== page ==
Blue's Clues Essay

1337 WordsJul 29, 20146 Pages
Hannah Louise De Guzman Professor Karaan Ateneo De Manila University English 11 11 October 2013 A Complex Power Play in Blue’s Clues Power has been a human function ever since the beginning of time, and according to Michel Foucault, “it exists everywhere and comes from everywhere”. It is a key concept because it acts as a type of relation between people. Furthermore, Foucault believes that knowledge does not prevent power for knowledge itself is a form of power (Moya). Following this line of thinking that knowledge is power itself, then it can be said that the media is no doubt the most powerful institution in the society. Since it encompasses everything from the newspapers to the Internet, it has become a medium by which power relations are performed. The very fact that we watch the television means we’re already subjecting ourselves into this hierarchy of power. On the other hand, the media sometimes show quite the eccentric types of power relations that are surprisingly present in the society through television series and commercials. In the context of television series, the relationships between the characters sometimes violate the conventional supremacy that society dictates that each of the characters should have. The perfect example of this would be the children’s television series, Blue’s Clues. Blue’s Clues is an American children’s television show that features an animated, tri-colored blue hound named Blue. The non-animated host of the show and Blue’s owner, Steve, follows the series of paw prints that Blue leaves behind. These paw prints serve as clues, and Steve, alongside with the audience, tries to solve the mystery of Blue’s message. At the climax of the show, Steve returns to the living room and sits on a red sofa, known as the Thinking Chair, wherein he tries to connect each clue to the other to come up with the answer. The moment that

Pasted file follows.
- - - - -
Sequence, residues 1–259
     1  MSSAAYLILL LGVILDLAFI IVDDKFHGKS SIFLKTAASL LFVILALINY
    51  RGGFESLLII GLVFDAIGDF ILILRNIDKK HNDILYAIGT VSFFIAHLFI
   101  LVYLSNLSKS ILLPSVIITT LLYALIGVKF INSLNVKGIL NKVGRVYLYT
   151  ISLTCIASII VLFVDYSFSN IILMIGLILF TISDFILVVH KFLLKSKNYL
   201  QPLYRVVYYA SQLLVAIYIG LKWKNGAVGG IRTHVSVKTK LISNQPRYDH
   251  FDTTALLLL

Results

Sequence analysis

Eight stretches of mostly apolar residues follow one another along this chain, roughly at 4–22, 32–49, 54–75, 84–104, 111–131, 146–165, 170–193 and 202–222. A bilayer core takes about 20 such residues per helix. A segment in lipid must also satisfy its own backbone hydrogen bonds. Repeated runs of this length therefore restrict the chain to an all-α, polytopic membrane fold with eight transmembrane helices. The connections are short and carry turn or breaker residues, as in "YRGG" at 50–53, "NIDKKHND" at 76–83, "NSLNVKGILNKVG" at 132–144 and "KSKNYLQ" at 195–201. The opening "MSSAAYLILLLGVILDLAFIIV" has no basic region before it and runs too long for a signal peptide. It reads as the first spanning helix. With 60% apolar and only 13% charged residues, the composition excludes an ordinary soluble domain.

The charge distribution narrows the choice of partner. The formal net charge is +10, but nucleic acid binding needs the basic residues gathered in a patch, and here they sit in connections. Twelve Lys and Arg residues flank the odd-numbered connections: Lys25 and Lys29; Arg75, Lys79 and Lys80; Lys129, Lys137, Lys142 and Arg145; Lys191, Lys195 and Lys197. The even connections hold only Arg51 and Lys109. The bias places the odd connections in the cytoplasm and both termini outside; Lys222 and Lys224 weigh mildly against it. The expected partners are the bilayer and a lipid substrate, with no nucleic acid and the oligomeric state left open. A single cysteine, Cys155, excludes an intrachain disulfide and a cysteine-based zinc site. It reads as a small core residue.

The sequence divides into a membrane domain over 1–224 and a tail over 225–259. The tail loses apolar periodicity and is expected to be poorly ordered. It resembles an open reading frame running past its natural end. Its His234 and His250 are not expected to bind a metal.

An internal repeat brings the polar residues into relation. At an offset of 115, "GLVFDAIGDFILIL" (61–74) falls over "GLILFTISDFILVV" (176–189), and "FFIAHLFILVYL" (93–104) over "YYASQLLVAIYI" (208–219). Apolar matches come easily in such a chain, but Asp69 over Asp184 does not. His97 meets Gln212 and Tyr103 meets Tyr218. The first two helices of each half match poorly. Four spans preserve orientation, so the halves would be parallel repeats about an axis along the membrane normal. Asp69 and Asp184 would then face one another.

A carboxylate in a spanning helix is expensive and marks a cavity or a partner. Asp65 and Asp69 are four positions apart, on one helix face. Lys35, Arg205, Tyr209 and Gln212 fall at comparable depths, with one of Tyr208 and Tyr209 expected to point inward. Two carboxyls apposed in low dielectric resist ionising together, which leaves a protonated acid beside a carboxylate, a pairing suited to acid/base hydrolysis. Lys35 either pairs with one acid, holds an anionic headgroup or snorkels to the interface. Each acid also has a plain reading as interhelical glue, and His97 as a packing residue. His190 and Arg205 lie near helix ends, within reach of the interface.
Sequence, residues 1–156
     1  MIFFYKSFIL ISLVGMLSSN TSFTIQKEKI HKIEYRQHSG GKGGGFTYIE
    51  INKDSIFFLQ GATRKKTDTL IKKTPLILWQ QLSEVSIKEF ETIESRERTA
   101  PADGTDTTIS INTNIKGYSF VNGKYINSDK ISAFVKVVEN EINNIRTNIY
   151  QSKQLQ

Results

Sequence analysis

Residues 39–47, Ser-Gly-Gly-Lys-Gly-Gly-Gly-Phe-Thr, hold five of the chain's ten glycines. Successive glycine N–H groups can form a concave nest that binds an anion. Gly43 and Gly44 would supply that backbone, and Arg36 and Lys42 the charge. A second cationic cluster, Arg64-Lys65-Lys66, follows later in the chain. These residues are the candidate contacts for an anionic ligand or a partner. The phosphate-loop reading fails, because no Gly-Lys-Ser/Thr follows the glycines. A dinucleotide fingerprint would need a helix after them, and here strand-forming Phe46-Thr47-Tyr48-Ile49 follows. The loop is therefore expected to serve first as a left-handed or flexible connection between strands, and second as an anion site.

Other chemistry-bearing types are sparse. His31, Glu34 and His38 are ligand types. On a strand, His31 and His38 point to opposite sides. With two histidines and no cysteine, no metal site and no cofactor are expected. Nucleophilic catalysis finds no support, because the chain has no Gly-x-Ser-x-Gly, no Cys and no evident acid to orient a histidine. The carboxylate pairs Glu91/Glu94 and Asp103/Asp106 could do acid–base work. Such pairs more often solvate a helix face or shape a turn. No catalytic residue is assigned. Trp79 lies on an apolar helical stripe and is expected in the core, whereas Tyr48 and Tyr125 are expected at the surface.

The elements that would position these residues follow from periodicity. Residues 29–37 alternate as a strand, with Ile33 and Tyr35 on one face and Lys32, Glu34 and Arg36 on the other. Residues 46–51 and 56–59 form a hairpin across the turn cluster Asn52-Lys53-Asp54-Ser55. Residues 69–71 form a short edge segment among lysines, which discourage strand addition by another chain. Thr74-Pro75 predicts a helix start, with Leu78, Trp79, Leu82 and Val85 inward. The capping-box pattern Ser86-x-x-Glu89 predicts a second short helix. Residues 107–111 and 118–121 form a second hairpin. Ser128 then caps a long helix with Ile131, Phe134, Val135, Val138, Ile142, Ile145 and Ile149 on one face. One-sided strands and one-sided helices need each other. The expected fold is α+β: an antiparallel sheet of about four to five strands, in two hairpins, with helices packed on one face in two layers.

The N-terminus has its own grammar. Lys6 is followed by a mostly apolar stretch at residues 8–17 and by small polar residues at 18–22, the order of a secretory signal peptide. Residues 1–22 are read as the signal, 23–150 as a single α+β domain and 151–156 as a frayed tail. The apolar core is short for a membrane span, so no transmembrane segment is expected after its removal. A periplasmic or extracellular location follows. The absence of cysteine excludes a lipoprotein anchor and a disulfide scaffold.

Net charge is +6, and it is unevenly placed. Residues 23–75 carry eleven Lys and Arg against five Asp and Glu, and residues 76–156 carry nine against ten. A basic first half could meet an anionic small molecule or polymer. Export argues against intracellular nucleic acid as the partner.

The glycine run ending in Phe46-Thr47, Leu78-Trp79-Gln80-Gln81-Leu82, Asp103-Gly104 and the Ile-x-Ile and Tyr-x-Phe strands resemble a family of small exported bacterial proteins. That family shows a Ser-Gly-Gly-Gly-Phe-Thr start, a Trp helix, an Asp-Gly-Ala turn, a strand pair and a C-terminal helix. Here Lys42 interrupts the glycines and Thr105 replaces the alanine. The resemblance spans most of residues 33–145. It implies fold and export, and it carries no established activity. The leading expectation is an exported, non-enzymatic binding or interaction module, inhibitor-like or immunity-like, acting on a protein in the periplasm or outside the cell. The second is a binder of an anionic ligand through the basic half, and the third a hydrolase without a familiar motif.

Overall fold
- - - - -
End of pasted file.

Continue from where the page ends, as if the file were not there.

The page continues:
Open Document